The construction sector is a cornerstone of India's economy, contributing substantially to its GDP and set to become a global construction powerhouse. However, the complex disputes within this sector have made arbitration the preferred method for dispute resolution, with the Arbitration and Conciliation Act, 1996 serving as the governing framework. While arbitration has thrived in the digital age, the advent of India's Digital Personal Data Protection Act, 2023 introduces a significant challenge, raising questions about data protection, privacy, and confidentiality within arbitration proceedings. This article explores the intricate interplay between data protection and arbitration in the Indian context. It, in its first half delves into the international landscape, highlighting the varying data protection regulations across jurisdictions and their impact on arbitration. The next half then deals with the critical dimension that the Digital Personal Data Protection Act, 2023 has added to the arbitration landscape in India and explores its positive and negative implications.
India's construction sector is a major contributor to the country's economy, representing 9% of its GDP and poised to become the world's third-largest construction market by 2025. Construction contract disputes are unique, often requiring immediate resolution and involving numerous parties. These complex disputes entail high stakes, damage assessment, data analysis, and technical expertise. Construction disputes are typically resolved through Arbitration, with parties often initially referring disagreements to dispute boards. The Arbitration and Conciliation Act, 1996, amended several times, governs Arbitration in India, covering both domestic and international cases. Arbitration is crucial in the construction sector due to the growing infrastructure projects in India. While Construction Arbitrations can be time-consuming, proper planning can expedite the process. Delays often result from parties, including lawyers and claimants, from drafting Arbitration clauses to final arguments. Arbitration has become the primary dispute resolution method in India's construction industry, particularly for infrastructure projects.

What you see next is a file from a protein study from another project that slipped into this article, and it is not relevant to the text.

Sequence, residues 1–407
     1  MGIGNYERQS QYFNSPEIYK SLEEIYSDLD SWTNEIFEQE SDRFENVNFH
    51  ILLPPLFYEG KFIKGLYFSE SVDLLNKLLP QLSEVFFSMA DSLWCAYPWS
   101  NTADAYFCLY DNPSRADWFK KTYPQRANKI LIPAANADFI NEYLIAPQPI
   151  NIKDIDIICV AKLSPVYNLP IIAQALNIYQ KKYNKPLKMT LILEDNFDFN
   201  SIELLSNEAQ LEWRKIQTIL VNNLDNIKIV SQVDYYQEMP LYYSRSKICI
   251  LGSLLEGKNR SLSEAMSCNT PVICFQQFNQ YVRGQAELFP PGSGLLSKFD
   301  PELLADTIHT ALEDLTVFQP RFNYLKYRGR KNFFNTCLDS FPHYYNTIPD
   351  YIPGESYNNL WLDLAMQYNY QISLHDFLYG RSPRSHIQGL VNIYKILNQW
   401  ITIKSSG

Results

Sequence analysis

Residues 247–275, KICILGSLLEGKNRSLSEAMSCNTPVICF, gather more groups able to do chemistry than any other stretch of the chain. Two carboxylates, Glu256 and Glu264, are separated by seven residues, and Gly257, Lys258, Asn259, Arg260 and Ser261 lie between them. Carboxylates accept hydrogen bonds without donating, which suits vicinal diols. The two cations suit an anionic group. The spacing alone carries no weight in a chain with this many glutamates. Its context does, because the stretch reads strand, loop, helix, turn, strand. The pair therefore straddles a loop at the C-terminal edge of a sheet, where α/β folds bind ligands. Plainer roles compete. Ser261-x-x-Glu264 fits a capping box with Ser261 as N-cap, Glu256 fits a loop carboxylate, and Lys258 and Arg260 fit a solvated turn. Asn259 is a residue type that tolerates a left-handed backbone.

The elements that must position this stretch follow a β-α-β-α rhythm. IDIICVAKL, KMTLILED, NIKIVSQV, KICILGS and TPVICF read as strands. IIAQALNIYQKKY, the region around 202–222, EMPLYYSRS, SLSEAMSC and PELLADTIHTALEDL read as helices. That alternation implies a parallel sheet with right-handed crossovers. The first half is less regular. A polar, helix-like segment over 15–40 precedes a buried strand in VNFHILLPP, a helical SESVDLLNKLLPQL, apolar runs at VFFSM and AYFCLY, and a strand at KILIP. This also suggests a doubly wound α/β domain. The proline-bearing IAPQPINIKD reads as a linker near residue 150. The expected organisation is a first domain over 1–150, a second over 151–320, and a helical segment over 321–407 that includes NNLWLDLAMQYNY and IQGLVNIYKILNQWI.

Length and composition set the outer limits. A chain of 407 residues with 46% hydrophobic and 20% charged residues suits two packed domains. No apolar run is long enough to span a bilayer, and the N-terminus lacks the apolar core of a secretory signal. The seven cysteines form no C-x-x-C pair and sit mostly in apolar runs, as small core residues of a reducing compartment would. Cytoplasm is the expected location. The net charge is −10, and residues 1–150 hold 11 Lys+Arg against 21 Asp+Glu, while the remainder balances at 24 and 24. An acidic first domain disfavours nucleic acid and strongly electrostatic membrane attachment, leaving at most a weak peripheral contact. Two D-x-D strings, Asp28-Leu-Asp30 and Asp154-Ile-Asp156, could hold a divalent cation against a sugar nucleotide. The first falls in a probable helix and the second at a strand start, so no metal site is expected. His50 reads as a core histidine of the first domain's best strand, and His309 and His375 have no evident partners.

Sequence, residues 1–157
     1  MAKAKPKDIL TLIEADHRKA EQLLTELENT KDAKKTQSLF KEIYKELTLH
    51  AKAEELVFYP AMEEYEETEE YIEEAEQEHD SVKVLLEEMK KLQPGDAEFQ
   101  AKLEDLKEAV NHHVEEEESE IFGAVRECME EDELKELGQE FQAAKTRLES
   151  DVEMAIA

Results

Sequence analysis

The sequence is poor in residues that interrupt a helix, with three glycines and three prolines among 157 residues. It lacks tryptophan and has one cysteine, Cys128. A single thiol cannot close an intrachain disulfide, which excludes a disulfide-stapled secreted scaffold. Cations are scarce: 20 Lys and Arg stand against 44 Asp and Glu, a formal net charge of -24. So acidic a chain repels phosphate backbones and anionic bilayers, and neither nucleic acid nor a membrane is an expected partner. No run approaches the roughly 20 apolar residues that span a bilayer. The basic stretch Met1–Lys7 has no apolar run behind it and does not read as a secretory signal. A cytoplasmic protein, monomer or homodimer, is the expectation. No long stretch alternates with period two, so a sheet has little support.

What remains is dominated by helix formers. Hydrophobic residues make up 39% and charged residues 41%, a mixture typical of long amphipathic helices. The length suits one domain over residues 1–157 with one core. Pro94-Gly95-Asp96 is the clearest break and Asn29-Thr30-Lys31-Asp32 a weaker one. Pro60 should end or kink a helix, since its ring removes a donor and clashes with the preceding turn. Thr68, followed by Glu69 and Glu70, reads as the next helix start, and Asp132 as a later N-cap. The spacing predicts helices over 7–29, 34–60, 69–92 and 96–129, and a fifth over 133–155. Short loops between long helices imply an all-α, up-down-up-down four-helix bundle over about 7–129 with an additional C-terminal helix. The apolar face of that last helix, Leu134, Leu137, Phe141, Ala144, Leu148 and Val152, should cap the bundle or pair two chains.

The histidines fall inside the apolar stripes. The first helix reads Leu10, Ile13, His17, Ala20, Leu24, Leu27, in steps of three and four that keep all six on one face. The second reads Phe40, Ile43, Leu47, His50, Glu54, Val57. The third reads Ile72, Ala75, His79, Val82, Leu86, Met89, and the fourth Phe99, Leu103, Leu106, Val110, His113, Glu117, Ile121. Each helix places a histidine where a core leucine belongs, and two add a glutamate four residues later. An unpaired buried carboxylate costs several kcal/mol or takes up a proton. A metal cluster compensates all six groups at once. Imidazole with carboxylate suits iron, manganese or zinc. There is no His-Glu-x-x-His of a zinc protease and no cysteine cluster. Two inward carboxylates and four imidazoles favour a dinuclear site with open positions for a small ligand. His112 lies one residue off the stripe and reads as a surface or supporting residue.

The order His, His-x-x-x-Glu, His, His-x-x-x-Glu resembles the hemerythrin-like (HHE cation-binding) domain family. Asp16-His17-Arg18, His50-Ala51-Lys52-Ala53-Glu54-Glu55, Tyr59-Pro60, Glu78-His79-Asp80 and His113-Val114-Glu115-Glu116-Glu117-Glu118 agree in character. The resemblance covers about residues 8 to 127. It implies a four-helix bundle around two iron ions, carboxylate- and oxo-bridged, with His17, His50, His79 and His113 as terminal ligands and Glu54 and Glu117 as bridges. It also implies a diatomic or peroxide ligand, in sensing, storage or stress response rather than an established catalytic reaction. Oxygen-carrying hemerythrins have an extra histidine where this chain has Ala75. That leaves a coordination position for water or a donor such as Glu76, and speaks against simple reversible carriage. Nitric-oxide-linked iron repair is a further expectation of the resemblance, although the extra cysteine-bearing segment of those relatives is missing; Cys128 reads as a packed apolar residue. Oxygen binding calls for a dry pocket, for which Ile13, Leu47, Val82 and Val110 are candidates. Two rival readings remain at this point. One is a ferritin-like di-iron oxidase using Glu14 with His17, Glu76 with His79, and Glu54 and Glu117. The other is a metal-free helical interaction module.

Foreign investors prefer institutional Arbitration, while Indian parties historically favoured ad hoc Arbitration, but institutional Arbitration is gaining traction, notably through the Mumbai Centre for International Arbitration (MCIA). SIAC is also increasingly chosen by Indian parties. The Act also provides for Conciliation, and settlements can be recorded as enforceable Arbitral Awards in Court.
Thus, Arbitration is indeed crucial for Infrastructure but, what is more important to note is that Arbitration is going to be significantly impacted with the new Digital Personal Data Protection Act, 2023. Thus, a discussion on the implications of the new Digital Personal Data Protection Act, 2023 over Arbitration is imperative given its importance in Project Infrastructure Disputes.